Photos for Blogs

5. Find Your Voice. The bloggers that I most admire have a very distinctive voice. They write in a particular style whether it be sarcastic, opinionated or with passion. There’s so many blogs I enjoy reading, but here are a few that I’ve got to mention: I love Whinge Whinge Wine because Fran can be quite sarcastic, she writes very plainly at a furious pace that makes me cry with laughter. I adore Absolutely Prabulous because Prabs is not afraid to laugh at herself and this is reflected in her brilliant writing which has me sniggering for ages. I also love 5 Little Doves because Laura truly writes from the heart about her family life, dealing with mental health issues as well as coping with the loss of her baby boy. Her blog has made me truly think about certain topics as well as left me in tears on several occasions.

Successful blogs are not afraid to state their opinion and initiate debate by saying what they truly think. Others are successful because they take a completely new angle or take on a certain subject. Sitting on the fence is safe, but those that take the plunge and speak up about what they believe in, often seem to be the most successful. Sometimes the posts that scare me to hit “publish” are often the ones that work out to get the most views or comments.

Blogging Voice


6. Make a Point. It’s easy to just chat along about any topic matter for 700 odd words, but the most successful blog posts always seem to make a point. They may make readers nod their head in agreement, they might make some readers think, or they may fire some people up and cause some controversy like this post I wrote a while back about mums taking their kids to school in pyjamas. Others might be funny and make some readers laugh in agreement. This blog post that I wrote about not getting any of our 4 choice of primary schools for my daughter has been my most viewed post of all time and went viral on Facebook and The Huffington Post. It was successful because it resonated with a lot of other mums out there who were either going through the same thing or were worried about it happening in the future.

7. Be True. The most successful bloggers are those who are true to themselves. They write from the heart and connect with readers by letting them see more about their lives. Readers feel like they get to know the writer and care what happens to them.

Be yourself and let your personality shine through!

Successful Bloggers are True

8. Write With Care. Yes bad spelling and grammar can put me off as much as bad writing in general. But so too can those blogs that are trying too hard to impress, you know the ones with the long unnecessary words which ramble on. I think the blogs that work best are those that write as if they are in conversation, just chatting to a friend.

9. Think About Your Ending. Don’t just stop abruptly. What do you want your reader to do? You can always ask for more comments or ask people what they think.


There you have it! My 9 ingredients for what I think makes up a successful blog post. Do you agree? Are there any more factors that you’d add to this list? Which blogs do you love and what special ingredients do they use to make their blogs successful?



Cuddle Fairy


You Baby Me Mummy

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End of The Pushchair Era!

Last weekend my husband went to the tip. He came home and casually announced that he’d “binned” the pushchair. “Whaat?!” I shrieked. “I didn’t say goodbye to it!”

I know I sound ridiculously un-hinged especially as we had previously talked about how we were going to get rid of the pushchair, but it suddenly felt like an abrupt end to a very long era.

Bugaboo Pushchair 3

5 Years Ago

We inherited the Bugaboo Chameleon when I was pregnant with Alice 5 years ago from my sister when she upgraded to a double buggy. It would have cost hundreds of pounds to buy brand new so we were very grateful to get it for a fraction of the cost.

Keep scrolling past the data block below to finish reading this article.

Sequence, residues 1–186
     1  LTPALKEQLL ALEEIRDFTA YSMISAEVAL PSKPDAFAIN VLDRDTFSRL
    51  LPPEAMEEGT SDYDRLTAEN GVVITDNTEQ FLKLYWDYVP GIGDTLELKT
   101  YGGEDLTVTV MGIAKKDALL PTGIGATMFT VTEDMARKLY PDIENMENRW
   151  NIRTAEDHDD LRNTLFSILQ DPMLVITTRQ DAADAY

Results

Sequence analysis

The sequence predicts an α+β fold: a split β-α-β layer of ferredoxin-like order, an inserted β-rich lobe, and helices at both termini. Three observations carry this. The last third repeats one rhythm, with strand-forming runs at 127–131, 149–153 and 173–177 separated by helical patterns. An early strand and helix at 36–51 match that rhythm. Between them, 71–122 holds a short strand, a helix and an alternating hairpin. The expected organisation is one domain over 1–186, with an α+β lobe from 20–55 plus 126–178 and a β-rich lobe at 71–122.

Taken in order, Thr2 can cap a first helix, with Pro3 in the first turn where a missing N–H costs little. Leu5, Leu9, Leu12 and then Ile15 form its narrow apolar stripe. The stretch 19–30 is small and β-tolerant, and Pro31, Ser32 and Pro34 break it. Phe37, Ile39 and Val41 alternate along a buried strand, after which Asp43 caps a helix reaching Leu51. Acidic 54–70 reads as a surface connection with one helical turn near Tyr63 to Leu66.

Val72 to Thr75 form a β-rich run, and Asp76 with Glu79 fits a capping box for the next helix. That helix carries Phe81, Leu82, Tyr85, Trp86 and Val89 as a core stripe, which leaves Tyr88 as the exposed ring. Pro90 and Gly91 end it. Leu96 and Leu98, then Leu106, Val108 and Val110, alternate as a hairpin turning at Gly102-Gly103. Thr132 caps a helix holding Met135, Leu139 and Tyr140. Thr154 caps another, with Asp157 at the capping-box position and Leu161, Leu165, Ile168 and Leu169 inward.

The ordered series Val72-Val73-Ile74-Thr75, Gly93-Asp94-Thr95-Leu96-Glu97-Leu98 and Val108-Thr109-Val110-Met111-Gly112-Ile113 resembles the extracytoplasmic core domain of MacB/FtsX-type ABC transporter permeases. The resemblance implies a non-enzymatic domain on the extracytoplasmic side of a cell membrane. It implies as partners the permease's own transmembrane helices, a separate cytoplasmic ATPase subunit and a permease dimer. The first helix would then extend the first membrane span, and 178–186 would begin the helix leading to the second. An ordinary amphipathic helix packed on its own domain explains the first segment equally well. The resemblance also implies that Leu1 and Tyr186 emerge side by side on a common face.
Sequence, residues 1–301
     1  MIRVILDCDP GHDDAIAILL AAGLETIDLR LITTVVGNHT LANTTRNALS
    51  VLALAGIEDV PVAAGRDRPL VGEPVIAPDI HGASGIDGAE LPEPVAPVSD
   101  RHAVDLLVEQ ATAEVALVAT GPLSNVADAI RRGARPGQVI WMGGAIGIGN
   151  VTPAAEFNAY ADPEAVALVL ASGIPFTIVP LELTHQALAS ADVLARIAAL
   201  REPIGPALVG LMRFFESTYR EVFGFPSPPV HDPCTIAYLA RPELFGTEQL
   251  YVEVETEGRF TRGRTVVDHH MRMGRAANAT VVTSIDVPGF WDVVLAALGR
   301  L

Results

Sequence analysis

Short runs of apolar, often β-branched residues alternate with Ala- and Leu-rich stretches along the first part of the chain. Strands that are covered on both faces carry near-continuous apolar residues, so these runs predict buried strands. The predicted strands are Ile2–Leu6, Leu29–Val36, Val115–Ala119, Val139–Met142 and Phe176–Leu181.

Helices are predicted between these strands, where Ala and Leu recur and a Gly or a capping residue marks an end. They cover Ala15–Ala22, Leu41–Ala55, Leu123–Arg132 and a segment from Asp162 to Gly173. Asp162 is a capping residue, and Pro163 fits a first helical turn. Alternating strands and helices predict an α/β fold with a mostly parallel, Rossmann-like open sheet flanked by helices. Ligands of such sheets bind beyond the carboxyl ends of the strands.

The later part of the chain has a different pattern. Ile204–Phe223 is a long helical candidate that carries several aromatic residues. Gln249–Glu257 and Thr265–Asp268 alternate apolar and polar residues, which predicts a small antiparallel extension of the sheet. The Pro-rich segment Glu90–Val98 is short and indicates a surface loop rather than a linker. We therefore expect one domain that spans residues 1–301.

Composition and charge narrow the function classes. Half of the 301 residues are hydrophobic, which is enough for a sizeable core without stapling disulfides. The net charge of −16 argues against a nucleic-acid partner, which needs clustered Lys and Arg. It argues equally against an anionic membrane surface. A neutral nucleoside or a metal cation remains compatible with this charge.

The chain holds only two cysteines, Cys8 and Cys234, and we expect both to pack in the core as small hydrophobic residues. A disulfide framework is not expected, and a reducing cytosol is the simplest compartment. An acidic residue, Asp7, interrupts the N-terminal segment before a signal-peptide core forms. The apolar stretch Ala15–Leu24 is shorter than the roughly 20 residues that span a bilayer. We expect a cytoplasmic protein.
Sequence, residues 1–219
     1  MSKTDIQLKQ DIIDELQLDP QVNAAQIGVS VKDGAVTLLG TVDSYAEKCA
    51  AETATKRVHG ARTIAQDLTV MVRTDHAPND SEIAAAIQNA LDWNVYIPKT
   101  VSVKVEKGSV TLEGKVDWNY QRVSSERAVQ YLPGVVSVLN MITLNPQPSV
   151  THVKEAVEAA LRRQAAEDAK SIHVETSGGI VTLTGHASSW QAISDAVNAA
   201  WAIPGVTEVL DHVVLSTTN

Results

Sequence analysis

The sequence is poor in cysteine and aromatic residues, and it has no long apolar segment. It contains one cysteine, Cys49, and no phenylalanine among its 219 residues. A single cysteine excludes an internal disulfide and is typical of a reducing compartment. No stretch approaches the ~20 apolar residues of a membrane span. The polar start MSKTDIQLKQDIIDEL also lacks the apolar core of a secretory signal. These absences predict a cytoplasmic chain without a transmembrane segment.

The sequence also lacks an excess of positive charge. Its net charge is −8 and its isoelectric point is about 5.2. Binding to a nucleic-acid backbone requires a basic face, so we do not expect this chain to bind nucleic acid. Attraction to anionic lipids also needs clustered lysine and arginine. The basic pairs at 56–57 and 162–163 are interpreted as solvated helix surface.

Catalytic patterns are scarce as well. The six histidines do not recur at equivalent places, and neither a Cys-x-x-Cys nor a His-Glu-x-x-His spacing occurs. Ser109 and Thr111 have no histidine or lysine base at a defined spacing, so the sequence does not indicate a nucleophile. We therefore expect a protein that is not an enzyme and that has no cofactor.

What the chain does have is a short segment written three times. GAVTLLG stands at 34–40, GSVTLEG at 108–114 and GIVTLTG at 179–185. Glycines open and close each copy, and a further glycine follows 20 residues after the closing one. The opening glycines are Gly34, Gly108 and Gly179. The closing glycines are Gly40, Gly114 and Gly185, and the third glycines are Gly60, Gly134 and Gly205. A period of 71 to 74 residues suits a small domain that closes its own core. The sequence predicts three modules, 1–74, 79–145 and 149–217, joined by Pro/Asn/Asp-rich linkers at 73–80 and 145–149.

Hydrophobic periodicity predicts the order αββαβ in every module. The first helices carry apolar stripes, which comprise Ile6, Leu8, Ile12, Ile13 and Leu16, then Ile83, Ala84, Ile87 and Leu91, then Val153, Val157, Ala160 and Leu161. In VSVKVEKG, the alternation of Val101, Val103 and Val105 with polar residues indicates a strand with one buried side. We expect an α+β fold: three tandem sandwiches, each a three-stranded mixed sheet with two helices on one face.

We needed a degree in engineering to master how it worked. It was one of those pram / car seat / pushchair systems. As you can see from the photos below, I was 8 months pregnant and feeling a bit stressed out that I was never going to work out how to get the thing up and down and switching it from carry cot to car seat. Even my husband had difficulty with it and despite a practice session with my sister and using colour coded stickers to show which bit should go where, we still managed to almost break the thing in the first month of using it.


The Early Days

I remember the first week after Alice was born, a friend suggesting we take her out for a walk. I refused because let’s face it week one for any new mum is just plain crazy but also because I wasn’t confident with setting the pram up!

Once I’d finally moved on to leaving the house with the newborn, I remember another occasion where I almost tipped new baby out into the road because I hadn’t yet mastered the art of lifting the pram off of the kerb with the back wheels and instead just tipped it down into the road. God knows what the drivers made of me grappling to retrieve baby and pram out of the road…..

It was a clunky big old thing really compared to some of the super light nifty devices I see about today, but it did us proud to last 5 years. As a toddler, Alice would always take her naps in the buggy. When Eva came along, we used our double buggy for a while. But we hung on to the Bugaboo and went back to it once Alice was out of a pushchair. I even used it fairly recently when Eva very occasionally used to fall asleep on the school run and I managed to precariously transfer her from car to buggy.


Eva Asleep in Bugaboo Pushchair


3 Reasons I’m Sad to See the End of the Bugaboo:

1. End of an era! My girls are all grown up and officially not babies any more.

2. Despite the initial difficulties, it’s lasted us 5 years and before that, my sister had it for 2 years.

3. Some happy memories of pushing a newborn around that was sound asleep.


3 Reasons I’m Glad to See The Back of It:

1. Some unhappy memories of pacing the streets trying to get Alice off to sleep!

2. Saving space – it was quite bulky and took up a lot of space in the house / car.

3. I’m looking forward to the adventures ahead of all of us walking together. And hoping I won’t have to end up carrying the youngest around too much.

I didn’t get to say it before it went to the tip, but thanks for the memories Bugaboo! And for giving me some peace and quiet once the kids were asleep!